Christmas stories: A Sooner's ornery roots, the power of a gift bat and the race a Cowboy longed to run

COMMENTARY — For the 17th year consecutive year, The Oklahoman's Berry Tramel unearths four Christmas stories for the sports fan's soul.
by Berry Tramel Published: December 25, 2012
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photo - This person was quite the marksman as a kid, using a dart gun he got as a gift to take out some of the his dad's antique Christmas tree ornaments. Can you guess who this is? Photo by Bryan Terry, The Oklahoman/Illustration by William Bootz, The Oklahoman
This person was quite the marksman as a kid, using a dart gun he got as a gift to take out some of the his dad's antique Christmas tree ornaments. Can you guess who this is? Photo by Bryan Terry, The Oklahoman/Illustration by William Bootz, The Oklahoman

Rodney was consumed with baseball. He and his friends would use broomsticks for bats. They would paint the broomsticks and print the name of their favorite player. Rodney painted his bat black with yellow trimmings. In orange, he painted Jackie Robinson's name.

They played in the streets, using tennis balls for baseball and paper bags for gloves. If there was no game, Rodney would throw the ball against the steps of his apartment building all day long.

Rodney never had a good relationship with his father. Never remembers getting a Christmas present from his father. But one Christmas, Rodney's mother gave him a real baseball bat. She worked as a domestic for a white family, which had given her the bat for her son.

He took it to the sandlot where boys played with real balls and bats. Soon enough, older boys showed up and kicked him out of the game. So Rodney got mad and took his bat home. The boys chased him all the way, wanting that bat.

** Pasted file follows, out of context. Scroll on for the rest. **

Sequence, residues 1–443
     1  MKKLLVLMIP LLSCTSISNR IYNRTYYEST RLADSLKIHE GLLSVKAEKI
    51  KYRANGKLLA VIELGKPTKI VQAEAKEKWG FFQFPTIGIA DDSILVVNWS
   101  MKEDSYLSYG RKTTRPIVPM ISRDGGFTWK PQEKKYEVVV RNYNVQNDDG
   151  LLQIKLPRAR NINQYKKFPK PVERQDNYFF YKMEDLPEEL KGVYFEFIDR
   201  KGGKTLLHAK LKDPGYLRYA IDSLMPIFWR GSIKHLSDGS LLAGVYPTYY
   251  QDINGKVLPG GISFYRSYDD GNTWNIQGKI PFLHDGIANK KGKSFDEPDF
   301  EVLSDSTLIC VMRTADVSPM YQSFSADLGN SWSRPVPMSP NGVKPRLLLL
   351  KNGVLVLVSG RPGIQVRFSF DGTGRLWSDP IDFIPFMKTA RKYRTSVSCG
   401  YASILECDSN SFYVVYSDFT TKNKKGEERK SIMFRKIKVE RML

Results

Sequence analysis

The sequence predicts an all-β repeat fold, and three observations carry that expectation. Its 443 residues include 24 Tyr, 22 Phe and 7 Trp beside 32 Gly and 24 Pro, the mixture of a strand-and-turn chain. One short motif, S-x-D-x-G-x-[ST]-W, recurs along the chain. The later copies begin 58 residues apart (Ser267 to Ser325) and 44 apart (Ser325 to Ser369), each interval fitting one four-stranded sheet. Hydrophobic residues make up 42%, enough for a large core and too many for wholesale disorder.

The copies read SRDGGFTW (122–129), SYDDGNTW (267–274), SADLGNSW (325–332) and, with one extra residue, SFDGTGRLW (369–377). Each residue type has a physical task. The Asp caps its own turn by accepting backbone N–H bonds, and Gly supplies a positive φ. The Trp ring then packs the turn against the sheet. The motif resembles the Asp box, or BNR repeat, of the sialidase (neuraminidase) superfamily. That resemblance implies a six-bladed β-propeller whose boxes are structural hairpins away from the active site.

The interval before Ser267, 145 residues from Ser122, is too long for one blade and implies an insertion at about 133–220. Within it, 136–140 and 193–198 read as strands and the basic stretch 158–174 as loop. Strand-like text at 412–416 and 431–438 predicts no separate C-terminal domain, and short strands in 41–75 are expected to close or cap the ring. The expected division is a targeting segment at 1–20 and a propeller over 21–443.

Big mistake on their part. It wasn't the bat. It was the batter. Few people ever learned to hit a baseball as well as Rodney Cline Carew.

A Christmas story, circa 2000: M.T. Brooks always wanted to race his grandson. Maybe he would have had a chance when the grandson was small. But on this final Christmas, the grandson was a growing boy, and M.T. was feeble.

So feeble, the annual Christmas celebration in Louisiana was in many ways a farewell.

M.T. was dying, and indeed would pass six weeks later, on Super Bowl Sunday.

“Everybody was just there with open hearts,” said the grandson, “bawling out in tears, that it was his time. Everyone was around him, comforting him.

“Sad Christmas. But again, it was fun to be around such a great family.

“We never got the chance to race. But his presence, being the leader of the family, was a good thing.”

M.T. Brooks made quite the impression on his grandson, Oklahoma State cornerback Brodrick Brown.

Merry Christmas.

Berry Tramel: Berry can be reached at (405) 760-8080 or at btramel@opubco.com. He can be heard Monday through Friday from 4:40-5:20 p.m. on The Sports Animal radio network, including AM-640 and FM-98.1. You can also view his personality page at newsok.com/berrytramel.


by Berry Tramel
Columnist
Berry Tramel, a lifelong Oklahoman, sports fan and newspaper reader, joined The Oklahoman in 1991 and has served as beat writer, assistant sports editor, sports editor and columnist. Tramel grew up reading four daily newspapers — The...
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